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End of Life: How to Be There When You Can't Be There

[Image: FaceTime with my mom, dad, and sister. I love this photo because it shows that there is much more connection when you can see each other than when you just call.]

My husband, son, and I were able to go to my parents home last week since my Mom, who has Lewy Body dementia, declined. She stopped eating and drinking, then ate and drank a bit, but then stopped again. My family and I had to go back to our home, across the country, and I am really sad that I cannot be there with Mom as she dies. Mom has a lot of support and so does Dad, with my sister and brother there, so I know Mom is not alone, but I always wanted to be there when my mom died.

Now that we have so much more technology in our lives, I am using FaceTime on my iPhone to be with my mom and family even though I cannot physically be there.

Mom mostly lays sleeping and can not respond, but I believe she can hear me. I could just call on the phone, but I find much more connection when I can see the other person. I can see Mom’s face and hear her breathing, which helps me know a bit more about how she is doing. I also like to see my sister and Dad who are with Mom during the day. It is far more helpful to have an eye-to-eye connection when you are going through a difficult time and you need each other. I want to be there to support them, so the best I can do is provide emotional support and keep in touch.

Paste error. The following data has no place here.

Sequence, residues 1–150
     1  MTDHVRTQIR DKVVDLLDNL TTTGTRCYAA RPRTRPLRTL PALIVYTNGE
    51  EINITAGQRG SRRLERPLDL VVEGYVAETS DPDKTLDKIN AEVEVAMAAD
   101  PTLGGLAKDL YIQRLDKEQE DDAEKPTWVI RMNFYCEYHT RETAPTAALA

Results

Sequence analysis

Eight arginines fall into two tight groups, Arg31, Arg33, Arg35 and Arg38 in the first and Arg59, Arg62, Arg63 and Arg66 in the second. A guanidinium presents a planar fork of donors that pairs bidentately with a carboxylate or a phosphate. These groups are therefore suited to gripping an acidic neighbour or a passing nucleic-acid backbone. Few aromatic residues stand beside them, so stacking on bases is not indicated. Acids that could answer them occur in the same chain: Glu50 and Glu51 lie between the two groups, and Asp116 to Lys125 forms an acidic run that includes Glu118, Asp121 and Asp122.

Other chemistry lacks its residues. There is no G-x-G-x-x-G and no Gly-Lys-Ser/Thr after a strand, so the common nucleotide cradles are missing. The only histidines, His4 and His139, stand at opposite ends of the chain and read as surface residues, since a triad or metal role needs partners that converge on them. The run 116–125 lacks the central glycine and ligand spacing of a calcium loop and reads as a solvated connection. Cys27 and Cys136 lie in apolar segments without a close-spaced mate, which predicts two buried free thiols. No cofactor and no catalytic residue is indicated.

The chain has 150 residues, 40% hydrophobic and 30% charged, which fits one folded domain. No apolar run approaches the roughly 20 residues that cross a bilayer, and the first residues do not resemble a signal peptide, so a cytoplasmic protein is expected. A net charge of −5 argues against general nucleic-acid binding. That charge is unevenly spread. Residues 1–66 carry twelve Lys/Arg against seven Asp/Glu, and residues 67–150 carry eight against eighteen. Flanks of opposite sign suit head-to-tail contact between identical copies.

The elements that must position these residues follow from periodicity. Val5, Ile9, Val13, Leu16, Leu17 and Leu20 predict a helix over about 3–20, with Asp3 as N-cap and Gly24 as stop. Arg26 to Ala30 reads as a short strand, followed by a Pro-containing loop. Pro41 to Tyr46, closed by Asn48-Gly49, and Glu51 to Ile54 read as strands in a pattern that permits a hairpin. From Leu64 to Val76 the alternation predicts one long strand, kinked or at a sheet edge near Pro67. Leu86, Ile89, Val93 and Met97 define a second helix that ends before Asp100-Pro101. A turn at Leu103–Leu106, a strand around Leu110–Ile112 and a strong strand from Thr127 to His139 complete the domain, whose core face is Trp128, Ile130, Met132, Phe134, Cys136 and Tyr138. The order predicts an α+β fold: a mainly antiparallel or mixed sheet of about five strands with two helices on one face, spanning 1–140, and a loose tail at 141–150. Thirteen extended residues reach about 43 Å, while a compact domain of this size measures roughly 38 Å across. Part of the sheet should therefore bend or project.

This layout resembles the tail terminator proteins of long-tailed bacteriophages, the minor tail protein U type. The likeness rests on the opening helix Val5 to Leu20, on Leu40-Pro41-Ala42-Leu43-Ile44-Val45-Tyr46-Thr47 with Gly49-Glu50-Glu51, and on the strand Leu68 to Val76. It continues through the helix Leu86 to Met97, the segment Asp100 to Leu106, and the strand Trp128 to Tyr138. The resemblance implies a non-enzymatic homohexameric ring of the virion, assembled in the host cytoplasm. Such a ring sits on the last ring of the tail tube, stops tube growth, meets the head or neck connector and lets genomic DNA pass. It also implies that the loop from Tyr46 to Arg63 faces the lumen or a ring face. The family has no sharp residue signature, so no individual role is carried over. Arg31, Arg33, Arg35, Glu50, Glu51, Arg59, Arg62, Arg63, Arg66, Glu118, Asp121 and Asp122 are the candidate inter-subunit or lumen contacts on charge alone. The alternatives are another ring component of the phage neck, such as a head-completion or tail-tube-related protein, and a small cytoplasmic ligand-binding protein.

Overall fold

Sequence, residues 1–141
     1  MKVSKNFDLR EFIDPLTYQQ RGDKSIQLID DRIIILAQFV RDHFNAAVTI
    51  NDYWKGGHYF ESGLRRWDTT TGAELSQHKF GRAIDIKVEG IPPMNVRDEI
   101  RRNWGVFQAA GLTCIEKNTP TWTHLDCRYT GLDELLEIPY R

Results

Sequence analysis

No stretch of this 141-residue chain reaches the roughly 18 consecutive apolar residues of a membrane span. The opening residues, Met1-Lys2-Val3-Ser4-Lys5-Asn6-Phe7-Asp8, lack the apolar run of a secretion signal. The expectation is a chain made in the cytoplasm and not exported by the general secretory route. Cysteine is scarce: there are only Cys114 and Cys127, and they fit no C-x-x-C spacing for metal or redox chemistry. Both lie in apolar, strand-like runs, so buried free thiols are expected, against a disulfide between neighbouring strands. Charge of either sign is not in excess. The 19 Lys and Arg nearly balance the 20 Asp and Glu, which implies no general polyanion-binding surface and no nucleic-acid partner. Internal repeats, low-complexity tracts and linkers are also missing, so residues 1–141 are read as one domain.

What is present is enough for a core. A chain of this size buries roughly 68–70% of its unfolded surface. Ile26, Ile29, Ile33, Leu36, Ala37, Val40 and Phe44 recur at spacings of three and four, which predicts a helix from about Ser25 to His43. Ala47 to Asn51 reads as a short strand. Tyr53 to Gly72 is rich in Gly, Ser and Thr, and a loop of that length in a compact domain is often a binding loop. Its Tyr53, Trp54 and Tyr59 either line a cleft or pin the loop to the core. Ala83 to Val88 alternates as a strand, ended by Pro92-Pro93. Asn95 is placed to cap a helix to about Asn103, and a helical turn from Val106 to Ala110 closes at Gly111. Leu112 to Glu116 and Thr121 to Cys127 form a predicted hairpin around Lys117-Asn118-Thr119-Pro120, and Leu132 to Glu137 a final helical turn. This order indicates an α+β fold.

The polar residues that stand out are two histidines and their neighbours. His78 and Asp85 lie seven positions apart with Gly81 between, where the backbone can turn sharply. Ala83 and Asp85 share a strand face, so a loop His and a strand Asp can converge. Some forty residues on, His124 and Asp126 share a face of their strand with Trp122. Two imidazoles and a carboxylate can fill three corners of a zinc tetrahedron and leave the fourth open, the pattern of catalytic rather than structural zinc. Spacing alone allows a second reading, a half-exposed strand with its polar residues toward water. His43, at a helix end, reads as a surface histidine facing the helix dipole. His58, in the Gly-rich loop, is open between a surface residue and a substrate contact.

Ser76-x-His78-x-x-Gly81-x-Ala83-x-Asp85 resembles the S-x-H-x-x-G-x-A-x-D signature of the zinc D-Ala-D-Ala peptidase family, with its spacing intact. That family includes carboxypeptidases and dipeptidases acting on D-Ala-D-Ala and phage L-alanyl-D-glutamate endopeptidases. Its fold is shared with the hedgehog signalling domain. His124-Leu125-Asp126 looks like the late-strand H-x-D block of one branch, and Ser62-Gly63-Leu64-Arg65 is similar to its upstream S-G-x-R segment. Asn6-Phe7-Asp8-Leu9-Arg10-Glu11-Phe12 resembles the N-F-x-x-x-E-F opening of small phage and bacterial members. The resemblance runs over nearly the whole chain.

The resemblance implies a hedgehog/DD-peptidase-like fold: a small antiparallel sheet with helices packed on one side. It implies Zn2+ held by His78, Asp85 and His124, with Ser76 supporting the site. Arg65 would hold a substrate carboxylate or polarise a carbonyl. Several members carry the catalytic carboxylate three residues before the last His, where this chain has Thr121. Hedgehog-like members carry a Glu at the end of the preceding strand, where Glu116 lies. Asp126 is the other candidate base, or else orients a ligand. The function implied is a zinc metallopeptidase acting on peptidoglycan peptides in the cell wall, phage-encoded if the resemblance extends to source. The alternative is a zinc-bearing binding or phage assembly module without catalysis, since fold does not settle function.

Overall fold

In reality, even though I know it is okay not to be there when a loved one dies and I have told many families the same thing as a minister, I still hate it. It still feels bad not to be there. It feels bad not to be with my dad- just sitting with Mom or having lunch together. It feels bad to be trying to have an everyday life totally separate from what is going on with my Mom. I don’t like trying to take my son to school, work on my writing, and have a “normal” day while my Mom is dying and my Dad and sister are with her and I can’t be.

All I can do is the best I can with the resources I have. I encourage anyone else in the same situation to look into all the ways you can be connected with your loved one if you want to be. Try FaceTime, Skype, send photos back and forth, or send music that you know your loved one would like and have it played for them. I am hoping that in my Mom’s last few hours, I can use FaceTime to be there for her and the rest of my family.


Rev. Katie

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